Portal:History of Imperial China

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History of Imperial China

The history of Imperial China spans from the beginning of the Qin dynasty in 221 BC to the end of the Qing dynasty and the formation of the Republic of China in 1912 AD.

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The Liuhe Pagoda, or Six Harmonies Pagoda, in Hangzhou, 60 m (196 ft) in height, erected in 1156 and fully constructed in 1165 AD.

The architecture of the Song Dynasty (960–1279) was based upon the accomplishments of its predecessors, much like every subsequent dynastic period of China. The hallmarks of Chinese architecture during the Song period were its towering Buddhist pagodas, enormous stone and wooden bridges, its lavish tombs, and palatial architecture. Although literary works on architecture existed beforehand, during the Song Dynasty literature on architecture blossomed into maturity and held a greater professional outlook, described dimensions and working materials in a concise manner, and overall had a greater style of organization than previous works. Architecture in Song artwork and illustrations in published books showing building diagrams also aid modern historians in understanding all the nuances of architecture originating from the Song period.

The profession of the architect, craftsman, carpenter, and structural engineer were not seen as high professions equal to the likes a Confucian scholar-official in pre-modern China. Architectural knowledge was passed down orally for thousands of years in China, from a father craftsman to his son (if the son wished to continue the legacy of his father). However, there were government agencies of construction and building along with engineering schools. The Song literature of building manuals aided not only the various private workshops, but also the government employees enlisted as craftsmen for the central government.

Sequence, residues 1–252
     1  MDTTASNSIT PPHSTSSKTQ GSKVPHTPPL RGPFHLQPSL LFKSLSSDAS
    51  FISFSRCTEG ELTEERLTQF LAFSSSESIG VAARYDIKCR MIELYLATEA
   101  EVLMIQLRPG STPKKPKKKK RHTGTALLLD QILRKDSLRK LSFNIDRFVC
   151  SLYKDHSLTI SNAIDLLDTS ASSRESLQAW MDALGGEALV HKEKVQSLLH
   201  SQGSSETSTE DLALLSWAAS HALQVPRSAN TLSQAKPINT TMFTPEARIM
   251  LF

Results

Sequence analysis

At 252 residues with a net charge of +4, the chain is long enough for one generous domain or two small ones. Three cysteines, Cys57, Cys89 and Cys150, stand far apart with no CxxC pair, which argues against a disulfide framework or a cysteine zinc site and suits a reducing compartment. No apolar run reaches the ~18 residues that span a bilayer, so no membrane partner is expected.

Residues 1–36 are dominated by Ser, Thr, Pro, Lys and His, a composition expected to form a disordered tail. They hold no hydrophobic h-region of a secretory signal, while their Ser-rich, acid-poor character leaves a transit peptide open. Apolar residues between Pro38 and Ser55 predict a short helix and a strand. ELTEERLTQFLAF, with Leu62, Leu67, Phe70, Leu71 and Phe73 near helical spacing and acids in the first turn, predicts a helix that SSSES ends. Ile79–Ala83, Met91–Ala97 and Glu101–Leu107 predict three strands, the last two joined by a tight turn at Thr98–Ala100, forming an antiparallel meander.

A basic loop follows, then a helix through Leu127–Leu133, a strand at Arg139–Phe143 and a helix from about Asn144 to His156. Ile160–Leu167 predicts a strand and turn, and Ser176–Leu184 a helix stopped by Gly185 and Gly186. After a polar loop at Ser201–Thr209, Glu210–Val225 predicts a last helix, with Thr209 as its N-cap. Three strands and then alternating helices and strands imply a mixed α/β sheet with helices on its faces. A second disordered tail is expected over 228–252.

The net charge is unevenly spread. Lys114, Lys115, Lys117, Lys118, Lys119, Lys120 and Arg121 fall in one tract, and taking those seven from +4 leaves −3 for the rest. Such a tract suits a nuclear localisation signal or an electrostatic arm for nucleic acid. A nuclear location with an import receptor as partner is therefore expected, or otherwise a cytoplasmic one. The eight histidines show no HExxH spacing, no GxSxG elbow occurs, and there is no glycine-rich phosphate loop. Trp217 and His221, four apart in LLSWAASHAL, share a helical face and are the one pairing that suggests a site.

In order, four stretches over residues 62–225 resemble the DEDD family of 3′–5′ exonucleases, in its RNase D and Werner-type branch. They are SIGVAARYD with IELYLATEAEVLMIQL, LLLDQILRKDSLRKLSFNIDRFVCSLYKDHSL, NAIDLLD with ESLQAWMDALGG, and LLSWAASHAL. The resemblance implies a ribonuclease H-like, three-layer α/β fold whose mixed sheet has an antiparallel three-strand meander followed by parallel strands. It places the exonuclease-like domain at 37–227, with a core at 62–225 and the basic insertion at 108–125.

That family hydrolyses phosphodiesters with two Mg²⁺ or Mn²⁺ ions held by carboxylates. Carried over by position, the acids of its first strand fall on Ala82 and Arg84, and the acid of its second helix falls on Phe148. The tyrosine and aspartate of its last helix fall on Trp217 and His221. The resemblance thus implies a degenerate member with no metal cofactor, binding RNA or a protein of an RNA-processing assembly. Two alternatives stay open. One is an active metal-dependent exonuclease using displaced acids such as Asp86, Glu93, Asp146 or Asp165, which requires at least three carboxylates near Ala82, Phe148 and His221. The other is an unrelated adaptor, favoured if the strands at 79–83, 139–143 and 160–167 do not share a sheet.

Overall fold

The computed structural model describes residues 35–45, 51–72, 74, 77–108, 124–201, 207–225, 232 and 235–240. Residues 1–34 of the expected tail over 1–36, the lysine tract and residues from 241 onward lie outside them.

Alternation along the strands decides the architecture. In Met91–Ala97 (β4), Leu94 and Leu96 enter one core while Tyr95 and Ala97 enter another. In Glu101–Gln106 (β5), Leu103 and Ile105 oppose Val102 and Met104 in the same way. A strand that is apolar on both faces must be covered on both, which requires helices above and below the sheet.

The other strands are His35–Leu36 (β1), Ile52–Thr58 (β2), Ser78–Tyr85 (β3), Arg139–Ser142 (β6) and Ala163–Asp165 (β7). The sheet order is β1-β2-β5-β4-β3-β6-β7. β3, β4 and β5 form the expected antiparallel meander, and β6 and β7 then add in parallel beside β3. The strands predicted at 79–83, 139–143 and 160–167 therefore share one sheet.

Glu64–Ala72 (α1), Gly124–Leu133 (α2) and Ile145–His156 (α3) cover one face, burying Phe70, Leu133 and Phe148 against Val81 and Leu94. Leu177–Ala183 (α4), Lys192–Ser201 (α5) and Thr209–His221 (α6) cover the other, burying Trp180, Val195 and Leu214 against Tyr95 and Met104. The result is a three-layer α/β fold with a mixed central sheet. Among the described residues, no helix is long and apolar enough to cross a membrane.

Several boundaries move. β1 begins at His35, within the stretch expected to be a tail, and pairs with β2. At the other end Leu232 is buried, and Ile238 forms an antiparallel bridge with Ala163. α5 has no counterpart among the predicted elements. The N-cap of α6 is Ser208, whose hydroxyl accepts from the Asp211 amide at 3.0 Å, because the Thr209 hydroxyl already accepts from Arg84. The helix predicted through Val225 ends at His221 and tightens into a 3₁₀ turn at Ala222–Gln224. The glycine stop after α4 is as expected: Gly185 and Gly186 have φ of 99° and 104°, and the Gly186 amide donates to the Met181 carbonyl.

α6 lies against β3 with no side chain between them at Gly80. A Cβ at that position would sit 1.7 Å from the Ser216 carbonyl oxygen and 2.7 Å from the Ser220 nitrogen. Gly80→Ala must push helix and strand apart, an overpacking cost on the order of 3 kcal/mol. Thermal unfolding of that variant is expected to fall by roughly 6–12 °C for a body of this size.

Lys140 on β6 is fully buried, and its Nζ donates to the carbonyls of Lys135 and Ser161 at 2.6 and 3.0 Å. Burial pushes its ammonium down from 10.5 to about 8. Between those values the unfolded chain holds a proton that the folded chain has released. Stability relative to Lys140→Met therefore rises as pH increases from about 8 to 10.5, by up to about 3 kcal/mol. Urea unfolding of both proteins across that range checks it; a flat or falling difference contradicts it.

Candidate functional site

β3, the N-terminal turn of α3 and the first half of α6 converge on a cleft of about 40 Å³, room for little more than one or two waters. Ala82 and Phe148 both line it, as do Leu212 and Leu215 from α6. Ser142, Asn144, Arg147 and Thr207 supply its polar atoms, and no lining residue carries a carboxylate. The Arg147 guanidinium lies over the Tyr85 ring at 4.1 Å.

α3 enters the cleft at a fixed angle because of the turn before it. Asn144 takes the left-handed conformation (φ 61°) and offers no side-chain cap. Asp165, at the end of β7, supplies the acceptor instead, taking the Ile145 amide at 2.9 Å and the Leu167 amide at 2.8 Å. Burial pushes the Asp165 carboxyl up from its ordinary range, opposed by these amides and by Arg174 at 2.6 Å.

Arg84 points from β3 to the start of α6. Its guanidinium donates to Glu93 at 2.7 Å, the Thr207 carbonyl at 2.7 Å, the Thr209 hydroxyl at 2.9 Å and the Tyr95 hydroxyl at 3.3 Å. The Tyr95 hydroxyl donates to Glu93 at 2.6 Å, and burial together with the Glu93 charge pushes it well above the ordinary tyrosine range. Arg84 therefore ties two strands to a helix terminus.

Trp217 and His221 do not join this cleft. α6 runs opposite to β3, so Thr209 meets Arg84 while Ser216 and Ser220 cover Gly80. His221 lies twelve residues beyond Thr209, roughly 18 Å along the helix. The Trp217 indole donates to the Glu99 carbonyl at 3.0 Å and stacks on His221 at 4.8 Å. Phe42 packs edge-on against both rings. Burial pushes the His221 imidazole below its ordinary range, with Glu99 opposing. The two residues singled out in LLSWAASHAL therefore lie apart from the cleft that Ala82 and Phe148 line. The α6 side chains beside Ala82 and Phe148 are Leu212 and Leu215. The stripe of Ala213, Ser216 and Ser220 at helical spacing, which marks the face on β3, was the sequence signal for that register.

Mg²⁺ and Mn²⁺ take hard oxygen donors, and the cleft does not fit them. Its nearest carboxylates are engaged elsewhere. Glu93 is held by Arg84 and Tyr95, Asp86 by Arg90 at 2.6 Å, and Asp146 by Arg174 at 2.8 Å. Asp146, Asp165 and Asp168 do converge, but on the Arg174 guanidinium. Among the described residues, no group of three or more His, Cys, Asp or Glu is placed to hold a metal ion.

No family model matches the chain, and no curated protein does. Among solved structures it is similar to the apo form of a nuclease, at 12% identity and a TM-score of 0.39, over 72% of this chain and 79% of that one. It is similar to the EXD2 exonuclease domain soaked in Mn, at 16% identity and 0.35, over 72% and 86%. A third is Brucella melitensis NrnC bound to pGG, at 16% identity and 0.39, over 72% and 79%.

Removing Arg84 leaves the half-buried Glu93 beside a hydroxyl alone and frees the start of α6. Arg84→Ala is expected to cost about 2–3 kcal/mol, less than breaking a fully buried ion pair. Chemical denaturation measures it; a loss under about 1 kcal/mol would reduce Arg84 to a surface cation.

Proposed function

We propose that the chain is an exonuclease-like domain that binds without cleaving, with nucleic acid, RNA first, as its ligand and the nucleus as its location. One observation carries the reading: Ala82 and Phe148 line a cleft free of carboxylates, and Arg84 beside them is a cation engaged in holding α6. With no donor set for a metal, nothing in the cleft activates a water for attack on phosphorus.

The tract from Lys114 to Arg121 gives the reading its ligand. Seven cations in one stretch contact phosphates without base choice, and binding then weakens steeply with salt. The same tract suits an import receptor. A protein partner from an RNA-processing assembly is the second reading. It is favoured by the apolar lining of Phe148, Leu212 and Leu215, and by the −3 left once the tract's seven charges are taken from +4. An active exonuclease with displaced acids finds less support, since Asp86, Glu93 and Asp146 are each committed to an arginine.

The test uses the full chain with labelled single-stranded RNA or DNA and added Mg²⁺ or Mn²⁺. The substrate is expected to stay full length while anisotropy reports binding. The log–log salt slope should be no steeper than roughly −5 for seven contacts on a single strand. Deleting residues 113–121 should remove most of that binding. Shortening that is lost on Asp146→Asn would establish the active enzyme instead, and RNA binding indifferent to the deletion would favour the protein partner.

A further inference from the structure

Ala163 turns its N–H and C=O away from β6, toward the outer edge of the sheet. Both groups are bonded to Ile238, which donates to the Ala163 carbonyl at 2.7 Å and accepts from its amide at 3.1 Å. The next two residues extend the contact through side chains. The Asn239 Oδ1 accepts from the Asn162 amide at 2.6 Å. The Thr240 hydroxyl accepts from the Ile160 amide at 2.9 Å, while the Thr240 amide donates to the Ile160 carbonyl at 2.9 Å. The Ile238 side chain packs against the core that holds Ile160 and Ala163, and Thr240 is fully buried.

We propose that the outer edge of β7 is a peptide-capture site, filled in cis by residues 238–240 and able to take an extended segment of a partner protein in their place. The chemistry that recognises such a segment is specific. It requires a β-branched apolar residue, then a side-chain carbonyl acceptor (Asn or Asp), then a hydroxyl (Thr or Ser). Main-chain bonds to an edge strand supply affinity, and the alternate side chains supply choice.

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Zhang Heng.jpg
Zhang Heng (Chinese: 張衡; pinyin: Zhāng Héng; Wade–Giles: Chang Heng) (AD 78139) was an astronomer, mathematician, inventor, geographer, cartographer, artist, poet, statesman, and literary scholar of the Eastern Han Dynasty in ancient China. He had extensive knowledge of mechanics and gears, applying this knowledge to several of his known inventions. He is best known for inventing the world's first water-powered armillary sphere to represent astronomical observation, improving the inflow clepsydra clock with an additional tank, and inventing the world's first seismometer device, which discerned the cardinal direction of earthquakes from incredibly far distances. In addition to writing an extensive star catalogue, Zhang also posited theories about the moon and its relationship to the sun, specifically the moon's sphericity, its illumination by reflecting sunlight, and solar and lunar eclipses. (read more...)

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Utagawa Kuniyoshi, Portrait of Chicasei Goyô (Wu Yong) (1827–1830).jpg

An 1830 painting of Wu Yong, a fictional Chinese priest-astronomer. The illustration includes valuable depictions of contemporary astronomical instruments.

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